They may not respond to treatment right away. Perhaps a double barreled question here.


There could be pitfalls that clinicians could look out for in terms of prognosis if people aren't going to respond to treatment.


What do you think? I think that it's it's probably it's probably true to say that the classic variables


that people think about for prognosis like are you've had it for ten years or,


you know, duration of symptoms or even things like BMI.


They don't really relate to prognosis, especially if you look at them in the research that there may be some evidence that they prognostic,


but not a lot of the variables that haven't really been investigated a lot are some of the starkest psychosocial wearables.


So it's getting into sort of determinants of health chart sort of area.


What impact do these psychological variables have?


And I think they do have an impact. So if you're if you're much more attentive and stressed about the pain, it's going to have an impact,


most likely on what to do and that those sorts of relationships are starting to be untangled now.


But we're sort of a long way of really understanding the impact of those variables.


But they have been probably not studied enough up until now, and we're starting to get more evidence.


So so those are the ones that I look at a lot, but you must look at everything like strength.


Again, it's that sort of individual approach. East Are they really weak?


Is that going to be a problem for them getting back? Are they really stressed and anxious and fearful?


Are they really unhealthy and overweight and is that going to be a problem?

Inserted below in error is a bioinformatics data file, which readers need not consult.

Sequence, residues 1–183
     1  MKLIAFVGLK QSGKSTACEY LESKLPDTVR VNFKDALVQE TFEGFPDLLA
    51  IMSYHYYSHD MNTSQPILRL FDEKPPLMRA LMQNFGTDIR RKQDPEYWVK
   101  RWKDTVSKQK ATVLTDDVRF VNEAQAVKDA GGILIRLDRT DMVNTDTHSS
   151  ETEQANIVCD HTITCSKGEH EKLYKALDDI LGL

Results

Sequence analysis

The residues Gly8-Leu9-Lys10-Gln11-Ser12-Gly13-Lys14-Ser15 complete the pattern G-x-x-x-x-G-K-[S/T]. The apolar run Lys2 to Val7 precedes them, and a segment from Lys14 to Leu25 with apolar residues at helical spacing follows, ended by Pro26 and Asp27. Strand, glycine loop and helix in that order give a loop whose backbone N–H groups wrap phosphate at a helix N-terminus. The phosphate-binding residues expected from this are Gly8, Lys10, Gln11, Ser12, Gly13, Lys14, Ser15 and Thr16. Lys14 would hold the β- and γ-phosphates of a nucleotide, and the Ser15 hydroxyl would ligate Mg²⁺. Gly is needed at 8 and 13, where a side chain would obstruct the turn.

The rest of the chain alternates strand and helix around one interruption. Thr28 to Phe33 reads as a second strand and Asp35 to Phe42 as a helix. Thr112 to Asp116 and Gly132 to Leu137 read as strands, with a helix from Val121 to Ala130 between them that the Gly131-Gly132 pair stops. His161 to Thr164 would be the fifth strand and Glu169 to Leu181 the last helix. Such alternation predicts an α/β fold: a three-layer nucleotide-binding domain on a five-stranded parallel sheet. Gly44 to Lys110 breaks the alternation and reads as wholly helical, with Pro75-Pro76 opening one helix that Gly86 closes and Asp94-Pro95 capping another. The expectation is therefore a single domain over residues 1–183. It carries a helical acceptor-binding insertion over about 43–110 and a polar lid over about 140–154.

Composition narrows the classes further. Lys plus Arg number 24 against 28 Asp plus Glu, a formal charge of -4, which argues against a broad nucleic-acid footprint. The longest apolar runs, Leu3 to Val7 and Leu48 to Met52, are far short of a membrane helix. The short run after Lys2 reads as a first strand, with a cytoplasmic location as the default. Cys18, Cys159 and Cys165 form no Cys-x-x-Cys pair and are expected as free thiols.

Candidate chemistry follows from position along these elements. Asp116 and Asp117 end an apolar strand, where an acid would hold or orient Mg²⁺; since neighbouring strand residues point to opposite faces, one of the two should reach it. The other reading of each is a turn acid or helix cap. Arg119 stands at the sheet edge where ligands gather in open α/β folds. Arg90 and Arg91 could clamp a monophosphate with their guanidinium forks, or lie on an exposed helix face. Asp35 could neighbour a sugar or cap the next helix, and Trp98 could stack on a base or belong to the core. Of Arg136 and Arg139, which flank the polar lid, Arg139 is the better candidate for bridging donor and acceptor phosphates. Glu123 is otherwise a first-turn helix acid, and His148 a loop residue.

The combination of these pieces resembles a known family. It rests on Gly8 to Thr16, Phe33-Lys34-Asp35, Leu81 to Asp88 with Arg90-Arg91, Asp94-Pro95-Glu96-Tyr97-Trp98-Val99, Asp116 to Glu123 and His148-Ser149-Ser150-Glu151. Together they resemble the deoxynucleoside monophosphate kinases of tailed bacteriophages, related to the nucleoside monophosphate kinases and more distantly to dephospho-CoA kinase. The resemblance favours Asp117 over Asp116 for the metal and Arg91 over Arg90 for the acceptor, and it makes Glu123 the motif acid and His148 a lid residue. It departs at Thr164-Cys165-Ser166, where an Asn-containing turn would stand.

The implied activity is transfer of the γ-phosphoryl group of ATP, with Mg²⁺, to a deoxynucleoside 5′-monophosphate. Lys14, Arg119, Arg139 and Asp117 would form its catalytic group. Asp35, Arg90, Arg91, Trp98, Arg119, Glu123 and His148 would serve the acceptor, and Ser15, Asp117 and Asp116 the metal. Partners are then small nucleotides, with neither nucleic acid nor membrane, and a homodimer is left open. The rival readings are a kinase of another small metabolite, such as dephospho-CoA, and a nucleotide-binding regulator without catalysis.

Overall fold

So they're the sort of domains that you might consider very multifactorial, very individualized for different people, I think.


But as long as you're critical thinking to yourself, you know,


what are the potential factors for this person in front of me that might just think about on the logical level logically,


what if if this person was going to do an exercise program, what factors would predict them not having a good recovery or getting stronger?


And you could think about it the same with pain. Pain is much more complex than just getting stronger.


But what is going to impact their pain, not improving?


Could it be some of these factors as well? So yeah, that's sort of the way that I would think about it.


You know, we've come a long way from icing and stretching and transverse frictions of tendinitis to your psychosocial management of tendon.


And you know, you've taken this really nicely on not just the current thinking of an expert and the foundations of your expertize and your thinking,


but also on the bit of a journey of why current practice is as it is.


So thanks Pete. Really, really interesting.


Really nice. Episode one Thanks for helping me break the ice.


I can come back in and do a full episode on frictions and if you like.


Yeah, good. We'll do that just for to be shock jocks, just people listening and then we'll go back to the, the stuff that works, but sounds good.


Oh, so now I'm going to be putting your details where I find you on social media, etc., all in the show notes.


So we won't say them here. And we'll wrap up at the end of the second episode, which is progressing your skills and knowledge.


Part two. So stay tuned. Listen to part two with Pete for now.


Thank you very much,